With a 16-6 record, it is safe to say that University of Rhode Island basketball is, once again, a team the school and its fans can be proud of after three straight years of rebuilding.

The last time this team was close to being this good was in the 1997-1998 season when Cuttino Mobley led the team with 17.2 points per game and Tyson Wheeler provided 14.9 of his own per contest in the season Rhode Island made it to the Elite 8.

Today’s stars are sophomores E.C. Matthews and Hassan Martin, who command the team on offense and defense respectively.  This is the case now, but there were plenty of doubters going into the season.

In fact, it was only 91 days ago today, on Nov. 13, 2014, that center Jordan Hare quit the team for good after regaining his second year of eligibility. To add to the team’s depth problem, Hare’s absence came just one day before the team’s first game against Division-II Pace University, a squad which URI beat handily, 94-54.

Even with Hare’s impact not being absolutely necessary until the start of Atlantic 10 play, Rhode Island fans and local media alike began to buzz about how much trouble the team was in without a dominant big body controlling the paint.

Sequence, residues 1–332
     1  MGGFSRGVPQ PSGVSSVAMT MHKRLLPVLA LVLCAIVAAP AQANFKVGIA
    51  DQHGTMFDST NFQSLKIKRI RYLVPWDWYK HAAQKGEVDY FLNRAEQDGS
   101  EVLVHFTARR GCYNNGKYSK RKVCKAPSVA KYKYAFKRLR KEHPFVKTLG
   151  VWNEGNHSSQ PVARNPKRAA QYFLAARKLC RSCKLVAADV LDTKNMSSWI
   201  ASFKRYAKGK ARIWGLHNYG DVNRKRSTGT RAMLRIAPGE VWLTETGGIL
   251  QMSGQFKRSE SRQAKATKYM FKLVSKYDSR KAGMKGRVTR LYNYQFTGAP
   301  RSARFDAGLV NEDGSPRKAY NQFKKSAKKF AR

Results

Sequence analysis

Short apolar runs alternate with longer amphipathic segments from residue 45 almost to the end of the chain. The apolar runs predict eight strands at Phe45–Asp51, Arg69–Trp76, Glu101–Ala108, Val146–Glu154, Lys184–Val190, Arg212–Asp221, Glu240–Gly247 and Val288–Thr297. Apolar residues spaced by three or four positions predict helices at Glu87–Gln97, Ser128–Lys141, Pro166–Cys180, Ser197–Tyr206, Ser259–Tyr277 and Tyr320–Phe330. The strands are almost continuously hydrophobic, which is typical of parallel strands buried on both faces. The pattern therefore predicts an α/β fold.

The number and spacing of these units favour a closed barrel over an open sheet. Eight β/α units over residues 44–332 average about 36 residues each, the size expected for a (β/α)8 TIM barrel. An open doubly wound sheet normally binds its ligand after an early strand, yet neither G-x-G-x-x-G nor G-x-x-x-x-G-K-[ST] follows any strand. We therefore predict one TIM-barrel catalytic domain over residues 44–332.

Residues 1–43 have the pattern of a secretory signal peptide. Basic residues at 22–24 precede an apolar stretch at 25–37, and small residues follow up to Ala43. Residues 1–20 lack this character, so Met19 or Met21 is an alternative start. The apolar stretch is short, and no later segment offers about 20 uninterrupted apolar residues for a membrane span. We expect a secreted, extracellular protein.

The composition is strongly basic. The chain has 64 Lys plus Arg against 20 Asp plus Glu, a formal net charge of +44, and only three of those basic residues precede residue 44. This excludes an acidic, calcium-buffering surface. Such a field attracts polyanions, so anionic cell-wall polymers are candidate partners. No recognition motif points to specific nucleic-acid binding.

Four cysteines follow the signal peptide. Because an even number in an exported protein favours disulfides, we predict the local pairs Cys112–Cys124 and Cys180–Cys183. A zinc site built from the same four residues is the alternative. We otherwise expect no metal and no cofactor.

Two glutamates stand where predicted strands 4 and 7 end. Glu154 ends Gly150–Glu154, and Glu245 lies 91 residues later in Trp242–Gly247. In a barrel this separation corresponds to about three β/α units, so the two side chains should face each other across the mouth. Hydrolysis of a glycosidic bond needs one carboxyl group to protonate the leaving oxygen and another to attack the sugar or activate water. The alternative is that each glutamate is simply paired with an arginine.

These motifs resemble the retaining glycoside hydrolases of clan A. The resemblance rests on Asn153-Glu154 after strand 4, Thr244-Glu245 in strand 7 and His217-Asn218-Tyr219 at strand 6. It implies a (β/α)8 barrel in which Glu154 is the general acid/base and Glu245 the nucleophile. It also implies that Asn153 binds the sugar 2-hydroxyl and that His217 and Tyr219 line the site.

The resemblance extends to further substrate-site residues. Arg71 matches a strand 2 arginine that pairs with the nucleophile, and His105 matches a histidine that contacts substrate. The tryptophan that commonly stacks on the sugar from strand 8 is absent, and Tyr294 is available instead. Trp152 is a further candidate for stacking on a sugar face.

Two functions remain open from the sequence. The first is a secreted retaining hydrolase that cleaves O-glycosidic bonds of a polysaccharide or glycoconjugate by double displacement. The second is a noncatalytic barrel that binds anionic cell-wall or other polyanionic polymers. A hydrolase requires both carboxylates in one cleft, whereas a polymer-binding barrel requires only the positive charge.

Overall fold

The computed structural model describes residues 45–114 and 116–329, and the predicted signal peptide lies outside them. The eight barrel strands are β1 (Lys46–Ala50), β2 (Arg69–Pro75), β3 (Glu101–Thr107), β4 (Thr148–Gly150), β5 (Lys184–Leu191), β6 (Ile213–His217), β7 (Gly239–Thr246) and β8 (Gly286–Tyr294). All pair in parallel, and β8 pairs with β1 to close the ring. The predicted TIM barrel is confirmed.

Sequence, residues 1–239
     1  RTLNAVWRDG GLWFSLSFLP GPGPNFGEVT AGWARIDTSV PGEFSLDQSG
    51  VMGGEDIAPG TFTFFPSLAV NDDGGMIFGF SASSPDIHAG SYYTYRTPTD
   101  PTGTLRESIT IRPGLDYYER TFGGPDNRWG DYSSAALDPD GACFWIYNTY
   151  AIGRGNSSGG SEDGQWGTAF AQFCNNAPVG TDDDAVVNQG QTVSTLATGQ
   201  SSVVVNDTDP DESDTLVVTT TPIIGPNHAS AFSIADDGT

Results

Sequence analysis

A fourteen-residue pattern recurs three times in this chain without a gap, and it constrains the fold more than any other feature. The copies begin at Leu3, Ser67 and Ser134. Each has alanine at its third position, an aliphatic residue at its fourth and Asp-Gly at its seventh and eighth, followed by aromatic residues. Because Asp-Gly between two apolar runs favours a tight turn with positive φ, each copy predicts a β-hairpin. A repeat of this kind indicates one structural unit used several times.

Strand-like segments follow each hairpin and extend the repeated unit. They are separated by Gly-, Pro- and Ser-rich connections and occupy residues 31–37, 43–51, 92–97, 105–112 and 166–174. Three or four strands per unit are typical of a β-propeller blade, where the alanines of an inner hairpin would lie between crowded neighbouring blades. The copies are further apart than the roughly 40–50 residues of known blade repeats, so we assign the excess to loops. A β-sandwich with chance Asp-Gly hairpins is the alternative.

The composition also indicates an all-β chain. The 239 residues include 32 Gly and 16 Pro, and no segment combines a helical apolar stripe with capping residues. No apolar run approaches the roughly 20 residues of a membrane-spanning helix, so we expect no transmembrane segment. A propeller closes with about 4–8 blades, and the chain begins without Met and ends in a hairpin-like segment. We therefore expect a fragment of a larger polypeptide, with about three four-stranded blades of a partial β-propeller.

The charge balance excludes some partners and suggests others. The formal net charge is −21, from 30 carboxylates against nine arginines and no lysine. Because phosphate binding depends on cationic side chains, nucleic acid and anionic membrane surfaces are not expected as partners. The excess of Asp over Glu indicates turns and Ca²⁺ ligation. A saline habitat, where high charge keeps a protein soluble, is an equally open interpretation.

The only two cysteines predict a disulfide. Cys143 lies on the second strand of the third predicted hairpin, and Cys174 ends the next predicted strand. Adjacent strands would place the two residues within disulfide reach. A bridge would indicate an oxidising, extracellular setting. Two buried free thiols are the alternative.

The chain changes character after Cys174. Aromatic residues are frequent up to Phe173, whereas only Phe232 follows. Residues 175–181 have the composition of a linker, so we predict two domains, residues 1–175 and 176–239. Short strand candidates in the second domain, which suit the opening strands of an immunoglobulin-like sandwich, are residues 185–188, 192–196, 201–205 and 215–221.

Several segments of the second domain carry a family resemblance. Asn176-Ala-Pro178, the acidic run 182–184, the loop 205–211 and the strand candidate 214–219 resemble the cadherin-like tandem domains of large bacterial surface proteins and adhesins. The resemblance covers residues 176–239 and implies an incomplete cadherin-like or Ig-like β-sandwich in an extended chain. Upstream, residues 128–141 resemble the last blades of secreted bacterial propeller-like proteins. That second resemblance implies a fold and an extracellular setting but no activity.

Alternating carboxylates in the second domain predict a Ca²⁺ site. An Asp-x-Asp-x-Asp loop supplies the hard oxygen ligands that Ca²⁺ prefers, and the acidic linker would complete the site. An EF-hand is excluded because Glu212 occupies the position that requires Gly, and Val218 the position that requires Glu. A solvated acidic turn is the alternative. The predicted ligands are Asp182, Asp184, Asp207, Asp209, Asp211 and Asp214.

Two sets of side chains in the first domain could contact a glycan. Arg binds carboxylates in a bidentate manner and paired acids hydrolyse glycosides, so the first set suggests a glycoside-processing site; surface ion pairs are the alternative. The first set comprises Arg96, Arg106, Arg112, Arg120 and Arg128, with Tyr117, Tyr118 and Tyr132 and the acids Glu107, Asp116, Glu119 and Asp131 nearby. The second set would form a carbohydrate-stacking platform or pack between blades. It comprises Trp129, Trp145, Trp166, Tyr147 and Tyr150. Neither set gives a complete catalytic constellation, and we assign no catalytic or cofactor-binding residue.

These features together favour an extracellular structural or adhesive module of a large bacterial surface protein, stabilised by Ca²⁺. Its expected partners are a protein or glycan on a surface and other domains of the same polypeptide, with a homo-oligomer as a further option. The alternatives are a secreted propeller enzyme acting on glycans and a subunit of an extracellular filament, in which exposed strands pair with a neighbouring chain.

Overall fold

Defense was head coach Dan Hurley’s answer to the critics. The Rams last year lost 12 games by seven or less. This season, the team is 7-3 in such games, and one of just 15 teams nationally to rank among the top 68 in field goal percentage and field goal percentage defense. KenPom.com, a nationally regarded website that analyzes college basketball, also placed the Rams 10th nationally in defensive efficiency with 89.4 points allowed per 100 possessions.

Very few expected URI to be this good. What makes the unit’s performance even more impressive is that there is still plenty of room for improvement. The top four players in terms of minutes are all freshmen or sophomores. Since he has at least two more years to work with every one of these players, Hurley definitely has the chance to make an Atlantic 10 powerhouse out of URI with teams like Virginia Commonwealth, Dayton, Davidson, Massachusetts, St. Bonaventure and Richmond all losing at least one key player to graduation. Granted, most of these teams will recover thanks to recruitments and underclassman settling into those roles.

Thanks to the team’s recent success, especially its 10-1 record at home, the fan attendance has seen a large boost of nearly 1,500 more people per game as well. It is not uncommon to see the Ryan Center almost at capacity on any given game day anymore. The crowd’s energy from games like the win over Nebraska and the heartbreaking loss to VCU have given an obvious boost to players like freshman Jared Terrell, who has made a habit out of pumping up the crowd after key plays.

The Rams are on the cusp of something great. Having the opportunity to go along for the ride will be a worthy way to commemorate one of the school’s potential best teams in program history.